March 17, 2015

Comparative thoughts on the Bay Area

"If you once tell a lie, the truth is ever after your enemy." - Eliezer Yudkowsky
So I recently visited the Bay Area, again, and I despaired leaving, again. I love it there. While I stay there, I feel like any problem is solvable. It seems like I could achieve my potential in actuality, instead of just in theory. What about that place affects me so deeply? Do I feel freer for the mere fact that I'm on vacation? Does the culture encourage or enable problem-solving more readily? Do I feel more secure and comfortable because I feel accepted in a community of people 'like me'?

The difference in my thinking could have nothing to do with the area or community itself. I've noticed before that I think more clearly after a quick change in context. You can solve a lot of seemingly insurmountable problems by taking a break and coming at them with fresh eyes, hence the common advice to "sleep on" an issue before taking drastic action. I can easily spend all day at home trying to figure out what to do and get nowhere, but if I'm made to go run errands I can organize my priorities and lay out a whole schedule of next-actions in the length of the drive. Taking a trip to a different state shifts the context a lot more than just going for a walk or sleeping on problem does.

I could interpret my sudden competence spike in a darker light too: I can't actually try most of the solutions I think up in California. It's possible that Utah lacks the je ne sais quoi to help me succeed, but it's also possible that there's no reality-checking in California to make me lose. I can have as many ideas as I want, and make them as impressive-sounding as I like. I never have to test their viability until I'm home and the high is gone.

To find that the differences between the cultures here and in the Bay have no meaningful effect on my cognition would surprise me. In Utah's almost-theocracy, appearances matter a great deal. With the surrounding monoculture, I feel a particular pressure to act 'normal' or at the very least with consistency.* I implicitly taboo the thought that I could break character for anything except to adopt normal mode, because it's just not done.
* I suspect this could be a neurotypical thing, not a Utah thing.

However, I can't do Utah normal for any meaningful length of time. I can be consistent, but my most consistent patterns of behavior walk right into downward spirals and depression. I need to break those patterns, and I can't do so by replacing them in whole cloth with normal mode.

The rationalist community, on the other hand, prizes changing actions. Actions need to change to align with thoughts, and thoughts need to change to align with reality. If I rationalize or support my opinions with bad epistemology, I expect to get called out on it. Half the time, even before I say a thought out loud, I recognize when a conversation would go down the road "and then they pointed out that I could believe the obvious truth, and take the obvious actions on it". I know I will get confused and disappointed looks if I don't change my thoughts and actions appropriately. It's hard to say how this difference will affect me long-term, but in the short-term it helps break me out of well-worn ruts.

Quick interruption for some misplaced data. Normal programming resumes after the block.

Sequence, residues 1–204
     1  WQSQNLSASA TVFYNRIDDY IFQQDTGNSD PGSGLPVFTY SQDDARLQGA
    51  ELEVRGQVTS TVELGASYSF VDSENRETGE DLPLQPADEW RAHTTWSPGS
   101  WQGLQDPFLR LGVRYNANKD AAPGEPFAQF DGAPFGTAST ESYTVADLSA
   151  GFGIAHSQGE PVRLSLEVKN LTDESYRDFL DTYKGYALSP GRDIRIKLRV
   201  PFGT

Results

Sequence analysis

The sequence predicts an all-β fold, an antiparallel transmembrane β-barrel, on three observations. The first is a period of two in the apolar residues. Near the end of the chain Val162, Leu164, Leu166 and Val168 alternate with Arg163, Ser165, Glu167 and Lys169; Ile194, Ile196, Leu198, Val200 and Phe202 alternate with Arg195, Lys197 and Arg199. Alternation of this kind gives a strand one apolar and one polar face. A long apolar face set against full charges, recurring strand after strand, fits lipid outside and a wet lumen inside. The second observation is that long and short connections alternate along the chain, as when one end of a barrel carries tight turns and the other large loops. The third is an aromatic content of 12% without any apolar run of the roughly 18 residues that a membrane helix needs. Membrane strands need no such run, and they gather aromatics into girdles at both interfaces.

Independent of specific cultural merits, community itself provides value. I share values and a very large frame of reference with Bay Area rationalists, while and I don't have much sense of community in Utah. Indeed, I pounced on the idea of creating this flavor of community in Utah long before I saw the Bay's instance of it. Now that I've seen it, I struggle to maintain even the barest echo of what I know is possible. It seems as though the saner Utahns are too bitter for outreach, too defensive for self-improvement, too skittish for mutual aid, too burnt for cuddle piles.

January 14, 2015

Mad Hatty Thoughts

(edited freewrite from Dec. 22, 2014)

Today, my thoughts begin with hats. I'm wearing one other than my usual today.

Hats, in fiction and to some degree in real life, externalize your core self. You choose to wear a hat, in a way that you do not choose to need glasses, but also in a distinctly different way from which you choose your wardrobe. Glasses can mean 'cool' or 'nerdy' or 'smart'; they represent constant, immutable traits. Clothes give a shorthand method for determining a person's choices; you can change your choices, if you dislike them. As surely as you must wear clothes, though, you must make choices. On the other hand, few situations truly require a hat; in everyday life you only put on a hat to do hard work or make a statement about yourself. It's the symbolic equivalent of wearing your heart on your sleeve.

An iconic character like Indiana Jones without his hat would be unthinkable; in fact, leaving their hat behind usually signifies that they've given up on their deepest drives. Royalty and clergy alike top themselves with the most extravagant hats as an external symbol of their power and calling. Hacking culture differentiates good and evil hackers as 'white hat' or 'black hat'.

I make it a habit to wear cool hats, as it makes me happy to look as awesome outside as I desperately hope I am inside. At the moment, I'm wearing a straw hat; I worry it signifies silly anime pirate than super-cool rationality master.

Perhaps that describes me better. I enjoyed being a pirate, back when I was pastafarian. Pirate rules pose few restrictions—I just do what I want, since the rules are more like guidelines anyways. A "rationalist" might insist on the doing the sensible thing, for a particularly rigid definition of 'sensible'.

Amidst the rationalist community, it sometimes looks like only certain wants really count. For example, I want a pie. A pirate would just eat the pie, and not share it. The picture of a rationalist in my head decides to eat something else. When I picture my picture rationalist's reasoning, it's because they genuinely want their long-term health more than they want the pie.